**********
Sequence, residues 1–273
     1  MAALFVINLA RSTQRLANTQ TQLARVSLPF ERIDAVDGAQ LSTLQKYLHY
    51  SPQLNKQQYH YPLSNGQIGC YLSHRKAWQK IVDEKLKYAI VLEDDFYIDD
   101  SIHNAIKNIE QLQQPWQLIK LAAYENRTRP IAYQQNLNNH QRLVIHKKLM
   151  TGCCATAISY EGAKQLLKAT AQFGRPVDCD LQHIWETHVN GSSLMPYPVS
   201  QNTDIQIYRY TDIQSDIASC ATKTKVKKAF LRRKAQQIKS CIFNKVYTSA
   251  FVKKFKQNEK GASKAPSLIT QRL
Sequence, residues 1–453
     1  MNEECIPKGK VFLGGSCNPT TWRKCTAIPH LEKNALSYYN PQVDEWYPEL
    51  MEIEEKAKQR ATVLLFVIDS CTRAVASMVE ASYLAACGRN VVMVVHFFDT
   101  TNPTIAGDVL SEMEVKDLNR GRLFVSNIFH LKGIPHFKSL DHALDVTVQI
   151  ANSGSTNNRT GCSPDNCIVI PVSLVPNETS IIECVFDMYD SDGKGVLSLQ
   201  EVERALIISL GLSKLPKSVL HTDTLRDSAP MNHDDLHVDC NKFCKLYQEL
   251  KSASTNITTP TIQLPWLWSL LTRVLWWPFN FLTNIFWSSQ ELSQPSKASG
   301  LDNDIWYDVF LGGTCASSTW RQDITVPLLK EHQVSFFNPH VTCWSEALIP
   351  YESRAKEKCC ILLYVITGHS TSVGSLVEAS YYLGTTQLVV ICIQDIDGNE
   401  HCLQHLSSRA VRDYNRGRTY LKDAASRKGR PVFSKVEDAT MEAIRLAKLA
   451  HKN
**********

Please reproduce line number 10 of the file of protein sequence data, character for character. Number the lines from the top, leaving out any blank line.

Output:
    51  MEIEEKAKQR ATVLLFVIDS CTRAVASMVE ASYLAACGRN VVMVVHFFDT